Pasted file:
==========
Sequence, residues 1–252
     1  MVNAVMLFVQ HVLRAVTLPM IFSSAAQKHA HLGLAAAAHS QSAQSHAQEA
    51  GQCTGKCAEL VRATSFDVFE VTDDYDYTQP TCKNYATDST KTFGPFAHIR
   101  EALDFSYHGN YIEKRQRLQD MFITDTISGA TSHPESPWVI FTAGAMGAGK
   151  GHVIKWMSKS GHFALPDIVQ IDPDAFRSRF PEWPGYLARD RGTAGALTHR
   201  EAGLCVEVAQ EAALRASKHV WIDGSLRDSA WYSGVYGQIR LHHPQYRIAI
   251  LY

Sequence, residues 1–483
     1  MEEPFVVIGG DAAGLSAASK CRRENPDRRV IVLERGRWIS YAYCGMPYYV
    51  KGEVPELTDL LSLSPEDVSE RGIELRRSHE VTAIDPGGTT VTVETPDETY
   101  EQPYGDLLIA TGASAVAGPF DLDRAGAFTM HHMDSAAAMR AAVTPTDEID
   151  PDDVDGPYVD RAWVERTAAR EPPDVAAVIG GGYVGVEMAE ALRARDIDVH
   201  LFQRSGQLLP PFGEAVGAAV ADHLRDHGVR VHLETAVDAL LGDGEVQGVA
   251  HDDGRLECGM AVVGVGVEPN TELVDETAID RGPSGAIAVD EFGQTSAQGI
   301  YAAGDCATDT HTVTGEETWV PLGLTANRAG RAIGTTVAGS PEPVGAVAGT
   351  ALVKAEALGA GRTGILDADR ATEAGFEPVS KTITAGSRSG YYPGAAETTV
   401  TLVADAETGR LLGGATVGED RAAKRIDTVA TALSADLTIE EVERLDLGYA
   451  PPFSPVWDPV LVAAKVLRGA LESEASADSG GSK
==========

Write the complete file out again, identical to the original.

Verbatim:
Sequence, residues 1–252
     1  MVNAVMLFVQ HVLRAVTLPM IFSSAAQKHA HLGLAAAAHS QSAQSHAQEA
    51  GQCTGKCAEL VRATSFDVFE VTDDYDYTQP TCKNYATDST KTFGPFAHIR
   101  EALDFSYHGN YIEKRQRLQD MFITDTISGA TSHPESPWVI FTAGAMGAGK
   151  GHVIKWMSKS GHFALPDIVQ IDPDAFRSRF PEWPGYLARD RGTAGALTHR
   201  EAGLCVEVAQ EAALRASKHV WIDGSLRDSA WYSGVYGQIR LHHPQYRIAI
   251  LY

Sequence, residues 1–483
     1  MEEPFVVIGG DAAGLSAASK CRRENPDRRV IVLERGRWIS YAYCGMPYYV
    51  KGEVPELTDL LSLSPEDVSE RGIELRRSHE VTAIDPGGTT VTVETPDETY
   101  EQPYGDLLIA TGASAVAGPF DLDRAGAFTM HHMDSAAAMR AAVTPTDEID
   151  PDDVDGPYVD RAWVERTAAR EPPDVAAVIG GGYVGVEMAE ALRARDIDVH
   201  LFQRSGQLLP PFGEAVGAAV ADHLRDHGVR VHLETAVDAL LGDGEVQGVA
   251  HDDGRLECGM AVVGVGVEPN TELVDETAID RGPSGAIAVD EFGQTSAQGI
   301  YAAGDCATDT HTVTGEETWV PLGLTANRAG RAIGTTVAGS PEPVGAVAGT
   351  ALVKAEALGA GRTGILDADR ATEAGFEPVS KTITAGSRSG YYPGAAETTV
   401  TLVADAETGR LLGGATVGED RAAKRIDTVA TALSADLTIE EVERLDLGYA
   451  PPFSPVWDPV LVAAKVLRGA LESEASADSG GSK